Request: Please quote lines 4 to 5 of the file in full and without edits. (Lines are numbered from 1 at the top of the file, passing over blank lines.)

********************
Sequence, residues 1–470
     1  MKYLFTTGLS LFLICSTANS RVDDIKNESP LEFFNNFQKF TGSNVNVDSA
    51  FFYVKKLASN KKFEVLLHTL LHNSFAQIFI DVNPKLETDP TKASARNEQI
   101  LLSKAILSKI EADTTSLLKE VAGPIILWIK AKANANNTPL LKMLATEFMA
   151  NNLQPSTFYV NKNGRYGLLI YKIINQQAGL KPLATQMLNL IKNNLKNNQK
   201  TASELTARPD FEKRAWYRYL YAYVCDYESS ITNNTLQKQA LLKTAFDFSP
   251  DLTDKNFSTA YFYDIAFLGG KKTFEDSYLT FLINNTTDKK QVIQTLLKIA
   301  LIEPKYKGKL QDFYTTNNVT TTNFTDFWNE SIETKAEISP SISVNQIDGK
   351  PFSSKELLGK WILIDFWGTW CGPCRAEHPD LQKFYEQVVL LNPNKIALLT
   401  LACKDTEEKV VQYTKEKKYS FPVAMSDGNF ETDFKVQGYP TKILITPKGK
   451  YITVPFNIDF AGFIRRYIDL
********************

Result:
   101  LLSKAILSKI EADTTSLLKE VAGPIILWIK AKANANNTPL LKMLATEFMA
   151  NNLQPSTFYV NKNGRYGLLI YKIINQQAGL KPLATQMLNL IKNNLKNNQK